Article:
No, tonight was different. I was at Jukebox, and I was sitting to the side of a giant screen constructed on the best patio in Cleveland, amidst over a hundred people, cramped into the tiny bar inside as well…people ordering six drinks at once. Ridiculous. But there was a part of me – fuck, ALL of me – which loved it completely. It’s like that Hold Steady lyric: “I like the crowds at the really big shows: people touching people who they don’t even know, yo…”
It was awesome. But the game itself is what made it what it was. I mean, christ, the only team to ever come back and win a Finals down 3 games to 1? Please.
But, then…of course. What could be more quintessentially Cleveland? We get pushed, as a city. And sometimes, we overcome all the odds. Fuck! That’s too cliché for this. For this, my friends, is unprecedented.
The energy was palpable. I was screaming at the screen, yes, knowing full well that those young men couldn’t hear me, and I was one with those hundred, 200, 300, who knows how many people, and we were all in it together. Us against the world. Cleveland. Down and out. A national joke in and out of the sports world. The joke people you met at college told, letting you know that they were from infinitely cooler places than Northeast Ohio.
“Cleveland?” they said, incredulously. “Yessir,” I always said. Cleveland.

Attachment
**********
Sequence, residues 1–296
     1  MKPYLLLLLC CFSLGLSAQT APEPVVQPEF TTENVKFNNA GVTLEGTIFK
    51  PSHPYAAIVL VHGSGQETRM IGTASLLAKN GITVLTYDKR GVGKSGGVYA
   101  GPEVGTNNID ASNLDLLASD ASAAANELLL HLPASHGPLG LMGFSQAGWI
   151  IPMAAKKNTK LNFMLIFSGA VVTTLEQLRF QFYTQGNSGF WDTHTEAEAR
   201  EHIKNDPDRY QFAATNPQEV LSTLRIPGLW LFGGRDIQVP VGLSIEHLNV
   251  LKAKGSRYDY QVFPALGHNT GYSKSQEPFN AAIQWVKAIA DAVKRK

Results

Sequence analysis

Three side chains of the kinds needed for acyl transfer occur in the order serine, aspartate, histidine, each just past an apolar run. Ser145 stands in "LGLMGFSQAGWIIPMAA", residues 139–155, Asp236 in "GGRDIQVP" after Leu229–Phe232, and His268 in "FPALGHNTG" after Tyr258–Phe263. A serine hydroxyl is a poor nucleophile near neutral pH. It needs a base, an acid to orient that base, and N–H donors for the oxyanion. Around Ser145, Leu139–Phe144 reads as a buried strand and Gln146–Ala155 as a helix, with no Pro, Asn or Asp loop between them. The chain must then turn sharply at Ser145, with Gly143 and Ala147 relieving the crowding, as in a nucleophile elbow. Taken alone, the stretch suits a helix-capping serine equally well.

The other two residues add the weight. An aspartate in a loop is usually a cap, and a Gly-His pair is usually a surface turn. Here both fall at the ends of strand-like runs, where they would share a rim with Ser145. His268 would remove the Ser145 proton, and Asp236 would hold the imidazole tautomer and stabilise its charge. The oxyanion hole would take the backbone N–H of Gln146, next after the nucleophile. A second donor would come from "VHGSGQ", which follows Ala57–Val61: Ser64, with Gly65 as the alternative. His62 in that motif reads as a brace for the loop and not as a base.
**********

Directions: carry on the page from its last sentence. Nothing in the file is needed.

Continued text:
Sitting there, standing there, then jumping there – and screaming there – with those people, we were one. And across the world people could’ve been from Cleveland, in that moment. Cleveland. Always the David to their Goliath.
We got to see the hometown hero, the most reviled person in Cleveland for four long years when we had to watch him win it all, twice, as he copped to the very strategy everyone from Cleveland fucking hates: Buying into a team of superstars instead of a unit. And it was “Fuck you, man. Fuck you ‘King James’. That’s not fucking Cleveland. We’re a grower, man. You flat out gave up on the very people you set out to conquer with Goodwill, and, yes, greatness. Hell, we knew you were great when you were in High School, man.”
But in true fashion of the epitome of what Cleveland has become, Mr. King James made himself a man through sheer determination, attitude. He came back – because HE CAME BACK – with the swagger of someone who had been there, done that. He had been the driving force behind a winner and in the crazy reality of a “cursed” and once forgotten, but no longer forgotten, yet, still perpetually ridiculed city, he went to work.
And I’m not gonna lie to you. I fully expected the Cavs to win 70 games either one of the last two years. And instead, the Warriors won the championship; the Warriors went about setting regular season records. And the Cavs seemed left with supposedly shivering team chemistry, and an ousted head coach, fired mid-season even though they were first in the conference.